In 1791, a Bill of Rights was added to the Constitution to further protect states’ rights. The Bill of Rights included various amendments to the constitution, the tenth and final one which read, “The powers not delegated to the United States by the Constitution, nor prohibited by it to the States, are reserved to the States respectively, or to the people.”
The 10th Amendment made explicit that the American federal government had no authority outside what was directly delegated to it by the Constitution. The historian Thomas Woods explains the 10th Amendment like this:
The Tenth Amendment guaranteed the states’ rights to self-government. If the states had not delegated a particular power to the federal government, and if the Constitution had not forbidden the power to the states, then it remained as reserved to the states or the people. For Thomas Jefferson this was the cornerstone of the entire Constitution. Its presence in the Bill of Rights serves to remind us of the importance of self-government in the minds of Americans of the early republic.
One doesn’t have to speculate on how to interpret the 10th amendment, because early on in the history of the republic there were test cases. In 1798 Congress passed the Alien and Sedition Acts, exercising authority not directly delegated by the Constitution. In response, Thomas Jefferson and James Madison secretly authored the Kentucky and Virginia Resolutions. The Kentucky Resolution stated that “the several States composing the United States of America, are not united on the principle of unlimited submission to their General Government” and that “whensoever the General Government assumes undelegated powers, its acts are unauthoritative, void, and of no force.” Jefferson went on to write that
where powers are assumed [by the federal government] which have not been delegated, a nullification of the act is the rightful remedy: that every State has a natural right in cases not within the compact, to nullify of their own authority all assumptions of power by others within their limits: that without this right, they would be under the dominion, absolute and unlimited, of whosoever might exercise this right of judgment for them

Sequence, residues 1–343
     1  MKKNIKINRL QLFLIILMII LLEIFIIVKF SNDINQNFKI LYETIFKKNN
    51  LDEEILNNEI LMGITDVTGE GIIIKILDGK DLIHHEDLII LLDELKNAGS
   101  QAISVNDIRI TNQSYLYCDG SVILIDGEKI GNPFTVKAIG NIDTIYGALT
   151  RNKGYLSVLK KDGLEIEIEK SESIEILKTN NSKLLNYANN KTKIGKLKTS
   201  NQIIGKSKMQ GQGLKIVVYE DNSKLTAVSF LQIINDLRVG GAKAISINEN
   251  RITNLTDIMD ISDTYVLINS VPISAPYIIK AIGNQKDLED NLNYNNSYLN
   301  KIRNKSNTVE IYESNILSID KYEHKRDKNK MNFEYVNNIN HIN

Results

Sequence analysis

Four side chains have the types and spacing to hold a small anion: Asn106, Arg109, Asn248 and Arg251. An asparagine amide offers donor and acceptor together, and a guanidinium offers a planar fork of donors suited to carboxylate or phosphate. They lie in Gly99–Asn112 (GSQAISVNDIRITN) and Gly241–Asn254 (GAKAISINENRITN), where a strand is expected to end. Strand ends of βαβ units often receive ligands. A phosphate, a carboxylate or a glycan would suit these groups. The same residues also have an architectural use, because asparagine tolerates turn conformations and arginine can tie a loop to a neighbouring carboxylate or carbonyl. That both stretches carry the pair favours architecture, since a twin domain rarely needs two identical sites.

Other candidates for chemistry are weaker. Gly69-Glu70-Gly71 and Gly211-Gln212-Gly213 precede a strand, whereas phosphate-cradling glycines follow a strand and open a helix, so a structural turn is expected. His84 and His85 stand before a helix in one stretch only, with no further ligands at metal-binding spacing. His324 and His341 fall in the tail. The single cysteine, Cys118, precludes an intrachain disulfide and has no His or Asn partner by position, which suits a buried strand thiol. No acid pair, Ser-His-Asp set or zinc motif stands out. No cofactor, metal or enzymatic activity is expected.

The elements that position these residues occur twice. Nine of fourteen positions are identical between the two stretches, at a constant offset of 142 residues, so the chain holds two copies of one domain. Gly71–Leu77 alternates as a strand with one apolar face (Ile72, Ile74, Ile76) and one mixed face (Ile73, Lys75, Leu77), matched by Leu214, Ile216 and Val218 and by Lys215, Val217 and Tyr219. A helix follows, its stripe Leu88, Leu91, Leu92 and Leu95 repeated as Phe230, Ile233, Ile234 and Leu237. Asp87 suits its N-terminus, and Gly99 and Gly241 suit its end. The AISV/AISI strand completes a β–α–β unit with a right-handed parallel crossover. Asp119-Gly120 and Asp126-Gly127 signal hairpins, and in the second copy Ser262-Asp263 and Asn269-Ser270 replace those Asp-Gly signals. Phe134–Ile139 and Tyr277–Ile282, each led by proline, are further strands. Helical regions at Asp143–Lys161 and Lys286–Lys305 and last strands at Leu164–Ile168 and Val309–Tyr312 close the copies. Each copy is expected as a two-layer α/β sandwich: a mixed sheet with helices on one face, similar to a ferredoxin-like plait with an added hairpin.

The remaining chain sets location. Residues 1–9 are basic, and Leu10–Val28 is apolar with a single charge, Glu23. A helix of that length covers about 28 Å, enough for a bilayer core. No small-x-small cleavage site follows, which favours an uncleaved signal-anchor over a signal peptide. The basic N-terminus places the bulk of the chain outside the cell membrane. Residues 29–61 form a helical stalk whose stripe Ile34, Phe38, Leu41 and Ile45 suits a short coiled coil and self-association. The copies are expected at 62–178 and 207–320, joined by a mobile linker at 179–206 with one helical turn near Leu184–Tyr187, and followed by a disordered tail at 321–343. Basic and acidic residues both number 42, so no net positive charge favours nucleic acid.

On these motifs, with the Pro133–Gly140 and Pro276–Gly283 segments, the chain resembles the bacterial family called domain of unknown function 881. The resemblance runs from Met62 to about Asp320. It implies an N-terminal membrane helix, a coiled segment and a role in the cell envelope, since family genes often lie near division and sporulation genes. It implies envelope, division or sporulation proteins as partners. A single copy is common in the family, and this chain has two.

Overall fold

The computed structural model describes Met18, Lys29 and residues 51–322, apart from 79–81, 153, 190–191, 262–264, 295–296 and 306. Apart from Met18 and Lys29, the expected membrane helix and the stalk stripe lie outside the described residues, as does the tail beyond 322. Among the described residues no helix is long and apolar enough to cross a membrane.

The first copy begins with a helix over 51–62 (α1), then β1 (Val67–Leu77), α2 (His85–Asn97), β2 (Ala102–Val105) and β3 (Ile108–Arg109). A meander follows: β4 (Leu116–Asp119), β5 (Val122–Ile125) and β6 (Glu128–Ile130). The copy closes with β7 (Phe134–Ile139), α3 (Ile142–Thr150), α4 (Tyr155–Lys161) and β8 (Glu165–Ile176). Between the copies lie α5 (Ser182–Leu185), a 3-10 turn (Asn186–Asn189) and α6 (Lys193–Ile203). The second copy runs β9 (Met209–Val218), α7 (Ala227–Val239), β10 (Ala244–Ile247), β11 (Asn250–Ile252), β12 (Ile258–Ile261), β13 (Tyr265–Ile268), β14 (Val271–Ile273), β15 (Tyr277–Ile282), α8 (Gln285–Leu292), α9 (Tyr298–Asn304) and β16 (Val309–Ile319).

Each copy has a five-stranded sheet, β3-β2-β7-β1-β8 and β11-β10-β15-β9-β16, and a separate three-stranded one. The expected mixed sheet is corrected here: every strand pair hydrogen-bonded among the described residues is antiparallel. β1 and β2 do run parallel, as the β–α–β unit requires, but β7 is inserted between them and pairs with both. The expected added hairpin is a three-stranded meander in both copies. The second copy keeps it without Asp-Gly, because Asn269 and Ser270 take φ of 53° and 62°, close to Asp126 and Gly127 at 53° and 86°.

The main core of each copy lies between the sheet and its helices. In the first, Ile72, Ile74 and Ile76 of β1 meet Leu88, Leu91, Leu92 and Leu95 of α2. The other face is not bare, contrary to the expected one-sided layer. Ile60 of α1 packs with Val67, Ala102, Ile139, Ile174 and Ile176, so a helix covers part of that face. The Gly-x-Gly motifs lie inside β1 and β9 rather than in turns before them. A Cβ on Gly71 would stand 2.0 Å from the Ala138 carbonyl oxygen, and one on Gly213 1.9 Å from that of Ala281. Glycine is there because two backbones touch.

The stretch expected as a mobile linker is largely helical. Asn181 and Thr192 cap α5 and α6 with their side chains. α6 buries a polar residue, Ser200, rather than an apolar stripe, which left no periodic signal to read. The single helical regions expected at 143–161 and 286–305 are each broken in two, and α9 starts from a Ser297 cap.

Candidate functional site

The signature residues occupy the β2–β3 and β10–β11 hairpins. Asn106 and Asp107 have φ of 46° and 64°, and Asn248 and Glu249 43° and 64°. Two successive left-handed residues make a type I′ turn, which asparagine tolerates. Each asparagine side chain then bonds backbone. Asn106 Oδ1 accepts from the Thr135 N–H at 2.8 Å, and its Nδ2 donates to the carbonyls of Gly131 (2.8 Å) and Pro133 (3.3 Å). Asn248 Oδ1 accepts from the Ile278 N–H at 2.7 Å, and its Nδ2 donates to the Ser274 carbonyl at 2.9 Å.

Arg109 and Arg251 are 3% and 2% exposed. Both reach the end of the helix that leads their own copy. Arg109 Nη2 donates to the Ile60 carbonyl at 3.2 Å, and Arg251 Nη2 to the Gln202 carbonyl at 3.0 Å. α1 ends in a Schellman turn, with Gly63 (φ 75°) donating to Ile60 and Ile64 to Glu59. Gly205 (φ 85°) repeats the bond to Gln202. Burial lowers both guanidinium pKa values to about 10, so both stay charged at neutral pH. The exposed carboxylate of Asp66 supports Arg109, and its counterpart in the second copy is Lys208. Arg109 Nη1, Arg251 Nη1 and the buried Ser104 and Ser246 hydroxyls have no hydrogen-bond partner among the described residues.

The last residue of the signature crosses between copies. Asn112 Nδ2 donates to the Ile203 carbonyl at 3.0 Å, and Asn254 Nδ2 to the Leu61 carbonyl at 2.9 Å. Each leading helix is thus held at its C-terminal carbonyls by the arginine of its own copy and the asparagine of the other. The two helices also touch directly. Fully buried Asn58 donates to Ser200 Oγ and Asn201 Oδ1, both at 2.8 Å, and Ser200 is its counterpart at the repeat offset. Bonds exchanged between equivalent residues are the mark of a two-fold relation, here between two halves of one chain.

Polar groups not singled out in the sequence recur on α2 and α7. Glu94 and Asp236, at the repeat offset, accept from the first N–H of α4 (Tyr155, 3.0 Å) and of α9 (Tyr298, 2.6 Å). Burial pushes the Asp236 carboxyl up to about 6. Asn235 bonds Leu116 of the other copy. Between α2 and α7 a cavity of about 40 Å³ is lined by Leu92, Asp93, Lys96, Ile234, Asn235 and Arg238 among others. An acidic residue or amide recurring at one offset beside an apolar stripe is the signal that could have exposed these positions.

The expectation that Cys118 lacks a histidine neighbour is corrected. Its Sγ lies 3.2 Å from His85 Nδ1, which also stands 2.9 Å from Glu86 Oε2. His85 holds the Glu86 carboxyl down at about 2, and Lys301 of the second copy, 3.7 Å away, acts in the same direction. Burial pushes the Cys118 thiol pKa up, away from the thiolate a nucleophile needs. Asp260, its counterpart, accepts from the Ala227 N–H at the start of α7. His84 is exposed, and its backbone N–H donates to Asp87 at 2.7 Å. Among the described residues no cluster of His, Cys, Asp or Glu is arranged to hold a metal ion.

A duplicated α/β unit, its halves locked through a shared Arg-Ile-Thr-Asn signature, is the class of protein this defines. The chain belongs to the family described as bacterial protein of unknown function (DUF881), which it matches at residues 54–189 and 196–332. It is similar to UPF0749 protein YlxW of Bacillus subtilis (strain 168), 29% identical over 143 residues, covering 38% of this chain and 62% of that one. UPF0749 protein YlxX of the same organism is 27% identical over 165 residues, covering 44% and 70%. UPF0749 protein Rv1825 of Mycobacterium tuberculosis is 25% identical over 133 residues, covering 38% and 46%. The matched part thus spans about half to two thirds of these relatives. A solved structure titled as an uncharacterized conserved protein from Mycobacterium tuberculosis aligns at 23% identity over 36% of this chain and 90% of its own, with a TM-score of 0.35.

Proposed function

Thomas Jefferson put it in a letter to W. Crawford like this, “If any state in the Union will declare that it prefers separation… to a continuance in union… I have no hesitation in saying, ‘let us separate.’” Again, in a letter to Madison in August 1799, he wrote, “[We should be] determined…to sever ourselves from the union we so much value rather than give up the rights of self-government…in which alone we see liberty, safety and happiness.”
Many states followed Jefferson in asserting their right to secede from the union should Congress overstep their constitutional bounds. For example, in 1803, the states of New England threatened to secede because of their opposition to Jefferson’s Louisiana Purchase. In 1807, the New England states again threatened to secede over the Embargo Act. In 1812, the New England states threatened to leave the Union over the fact that Louisiana had been allowed to become a state. In 1860, the state of Vermont considered secession. Even Abraham Lincoln, in his early career, advocated this right, saying, “Any people anywhere, being inclined and having the power, have the right to rise up and shake off the existing government and form a new one that suits them better. This is a most valuable and most sacred right, a right which we hope and believe is to liberate the world.”